May 19, 2019, 11:18 AM
News Code: 83319409
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Ramadan rituals in Iran's Birjand ancient areas

Birjand, May 19, IRNA – Ramadan has been associated with various rituals in ancient Birjand and such rituals are alive in some parts of the city and revival of these traditions can also create empathy and vitality in society.

Birjand is the capital of the Iranian province of South Khorasan. The city is known for its saffron, barberry, jujube, and hand-woven carpet exports

The 'Four Trees' district in Birjand city is one of the most ancient regions of this city and traditional Ramadan rituals still can be observed in the city.

But this is not the case, the old ones have either died or left this district, and new residents of this region are trying to keep these customs alive.

Seyyed Mohammad Lamie, who lived 79 years in Birjand's 'Four Trees' district and has now moved to another district of the city, tells us about some rituals of the Holy month Ramadan in Birjand.

Each night, on the night of the 27th Ramadan, two women watched anonymously, wearing a white outfit (chador), covering their faces, and carrying a tray on which the mirror, shoulder, chestnut and a bowl of water and a bucket were brought to the houses of the people.

He continues with saying that how the door was slammed by these women: 'These people, in their every house, were knocked at home several times with their mattress, and the landlord noticed their presence and welcomes them with flour, candy or money, and with every purpose they had, looked at the mirror inside the tray, pulled the shoulder and watched some of them on the eyes.

Seyyed Muhammad added: 'One of Ramadan's rituals and traditions in this district is reading a juz (part) of the Holy Qur'an every day.

He said: 'The last days of Ramadan, every one would give some money and by collecting an amount of money, they would buy dates and splits of crystalized sugar and distribute sweats among the people.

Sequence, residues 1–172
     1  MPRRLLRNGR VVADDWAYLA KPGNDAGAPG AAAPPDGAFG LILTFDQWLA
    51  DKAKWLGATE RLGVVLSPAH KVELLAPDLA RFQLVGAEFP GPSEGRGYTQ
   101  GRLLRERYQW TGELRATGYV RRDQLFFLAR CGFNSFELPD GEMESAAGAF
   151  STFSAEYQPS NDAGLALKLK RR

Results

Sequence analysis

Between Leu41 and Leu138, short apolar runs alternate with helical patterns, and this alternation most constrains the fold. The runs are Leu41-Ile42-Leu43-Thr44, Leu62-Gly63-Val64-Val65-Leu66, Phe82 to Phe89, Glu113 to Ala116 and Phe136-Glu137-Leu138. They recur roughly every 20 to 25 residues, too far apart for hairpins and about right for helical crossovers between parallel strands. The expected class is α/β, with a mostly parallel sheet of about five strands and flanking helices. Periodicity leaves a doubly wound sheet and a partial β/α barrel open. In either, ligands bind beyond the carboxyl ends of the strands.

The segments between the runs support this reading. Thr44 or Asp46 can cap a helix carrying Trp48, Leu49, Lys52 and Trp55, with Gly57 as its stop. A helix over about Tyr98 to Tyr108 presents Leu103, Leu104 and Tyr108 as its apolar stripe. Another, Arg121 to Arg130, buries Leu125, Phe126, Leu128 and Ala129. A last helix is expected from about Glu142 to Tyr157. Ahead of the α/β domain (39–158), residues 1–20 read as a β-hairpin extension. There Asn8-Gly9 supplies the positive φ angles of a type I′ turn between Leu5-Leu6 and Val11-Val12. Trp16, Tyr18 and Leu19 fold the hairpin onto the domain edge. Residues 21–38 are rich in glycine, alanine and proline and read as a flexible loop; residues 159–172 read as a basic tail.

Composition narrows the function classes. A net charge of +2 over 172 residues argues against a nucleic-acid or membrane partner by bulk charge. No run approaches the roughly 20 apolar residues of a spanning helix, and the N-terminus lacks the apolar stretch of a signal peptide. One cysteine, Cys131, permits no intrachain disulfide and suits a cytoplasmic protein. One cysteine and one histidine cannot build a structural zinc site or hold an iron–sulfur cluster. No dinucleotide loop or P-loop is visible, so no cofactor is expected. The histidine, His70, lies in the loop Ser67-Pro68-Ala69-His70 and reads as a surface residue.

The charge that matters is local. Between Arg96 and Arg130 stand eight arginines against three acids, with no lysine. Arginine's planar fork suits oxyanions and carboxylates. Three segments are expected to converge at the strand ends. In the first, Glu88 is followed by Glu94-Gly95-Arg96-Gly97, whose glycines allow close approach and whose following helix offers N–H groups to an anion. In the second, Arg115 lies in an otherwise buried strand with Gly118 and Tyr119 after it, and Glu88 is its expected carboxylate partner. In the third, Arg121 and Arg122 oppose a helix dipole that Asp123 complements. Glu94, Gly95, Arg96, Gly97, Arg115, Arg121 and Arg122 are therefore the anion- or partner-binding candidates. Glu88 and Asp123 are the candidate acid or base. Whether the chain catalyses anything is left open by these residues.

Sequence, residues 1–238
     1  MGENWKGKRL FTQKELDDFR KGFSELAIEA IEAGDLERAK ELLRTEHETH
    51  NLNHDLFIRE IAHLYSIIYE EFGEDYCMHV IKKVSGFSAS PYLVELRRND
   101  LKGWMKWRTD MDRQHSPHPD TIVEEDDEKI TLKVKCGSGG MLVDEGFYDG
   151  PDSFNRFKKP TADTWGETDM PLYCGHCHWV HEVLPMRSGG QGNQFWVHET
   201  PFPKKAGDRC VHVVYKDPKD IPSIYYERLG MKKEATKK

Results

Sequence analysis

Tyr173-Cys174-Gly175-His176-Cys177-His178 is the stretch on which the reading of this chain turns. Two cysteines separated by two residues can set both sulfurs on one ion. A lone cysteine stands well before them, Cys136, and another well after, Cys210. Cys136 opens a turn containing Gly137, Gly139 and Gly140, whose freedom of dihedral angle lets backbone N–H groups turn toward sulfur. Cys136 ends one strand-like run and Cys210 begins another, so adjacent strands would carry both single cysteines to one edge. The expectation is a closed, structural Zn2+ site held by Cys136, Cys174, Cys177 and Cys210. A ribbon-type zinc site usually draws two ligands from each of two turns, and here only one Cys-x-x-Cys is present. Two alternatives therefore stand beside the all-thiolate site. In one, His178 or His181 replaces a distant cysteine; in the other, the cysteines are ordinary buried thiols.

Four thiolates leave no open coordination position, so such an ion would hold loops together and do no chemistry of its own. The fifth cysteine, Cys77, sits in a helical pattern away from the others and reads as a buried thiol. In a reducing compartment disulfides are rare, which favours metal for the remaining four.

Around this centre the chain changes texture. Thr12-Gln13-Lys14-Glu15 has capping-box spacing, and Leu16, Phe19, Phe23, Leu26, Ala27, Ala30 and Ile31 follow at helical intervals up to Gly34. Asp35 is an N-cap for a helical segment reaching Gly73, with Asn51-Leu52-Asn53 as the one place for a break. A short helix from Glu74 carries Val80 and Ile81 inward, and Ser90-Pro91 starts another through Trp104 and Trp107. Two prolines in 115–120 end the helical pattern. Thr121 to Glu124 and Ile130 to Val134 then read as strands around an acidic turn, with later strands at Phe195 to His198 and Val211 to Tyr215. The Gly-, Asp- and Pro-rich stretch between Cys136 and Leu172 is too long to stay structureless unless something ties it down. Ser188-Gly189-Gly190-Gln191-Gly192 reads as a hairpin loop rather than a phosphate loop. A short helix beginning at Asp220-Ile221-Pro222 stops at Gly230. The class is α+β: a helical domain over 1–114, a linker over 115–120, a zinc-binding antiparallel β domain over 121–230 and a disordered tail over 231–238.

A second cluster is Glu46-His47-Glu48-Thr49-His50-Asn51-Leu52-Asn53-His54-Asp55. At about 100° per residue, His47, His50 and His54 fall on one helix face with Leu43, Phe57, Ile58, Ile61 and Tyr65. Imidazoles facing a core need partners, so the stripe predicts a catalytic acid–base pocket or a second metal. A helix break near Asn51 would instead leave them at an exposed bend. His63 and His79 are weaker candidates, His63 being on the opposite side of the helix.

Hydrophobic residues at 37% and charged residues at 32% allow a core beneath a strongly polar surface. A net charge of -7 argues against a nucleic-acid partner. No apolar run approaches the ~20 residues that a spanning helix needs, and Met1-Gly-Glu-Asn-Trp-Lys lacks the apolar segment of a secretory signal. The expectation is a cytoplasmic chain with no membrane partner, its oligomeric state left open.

Iran is a Muslim country and during the holy month of Ramadan, Muslims fast during the day, say prayers and then break their fast with Iftar, a special evening meal.

Fasting is obligatory for Muslims, with the exception of pregnant women, the ill, children or those suffering from diabetes.

From sunrise to sunset, Muslims refrain from eating any food, drinking liquids and smoking.

The philosophy of fasting is to make the people understand the situation from which the poor and the needy are suffering; and learn to appreciate God’s blessings in their lifetime.

The philosophy encourages the people to share food with the poor, inviting people for the meal (Iftar) to break their fast at sunset, giving donation to charity, and reading part of holy Quran during this month in a way to complete the entire text of the holy book in one month to deserve the divine rewards.

The ancient Iranian people, like their ancient civilizations, held special rituals for many national and religious occasions, which, after the advent of Islam in Iran, many Islamic occasions had special celebrations.

Ramadan is one of the Islamic occasions after Islam spread to Iran, and the people of this ancient land perform Ramadan rituals in their own way.

Many Muslims, including the Shia, perform rituals in the holy month of Ramadan with special customary specifications, including every night gathering at mosques after Iftar in the one month-period to listen to sermons of the spiritual leaders.

Iranian cuisine is as delicious and captivating as ever, considering all the different ethnic groups and cultures residing in the country.
The art of cooking is legendary in the culture of the Middle East and each part has its own recipe and special dishes.
For that reason, the variety of recipes for the fasting month is also of a much more importance.

Ramadan is also an occasion to observe that Iranian legendary hospitality.
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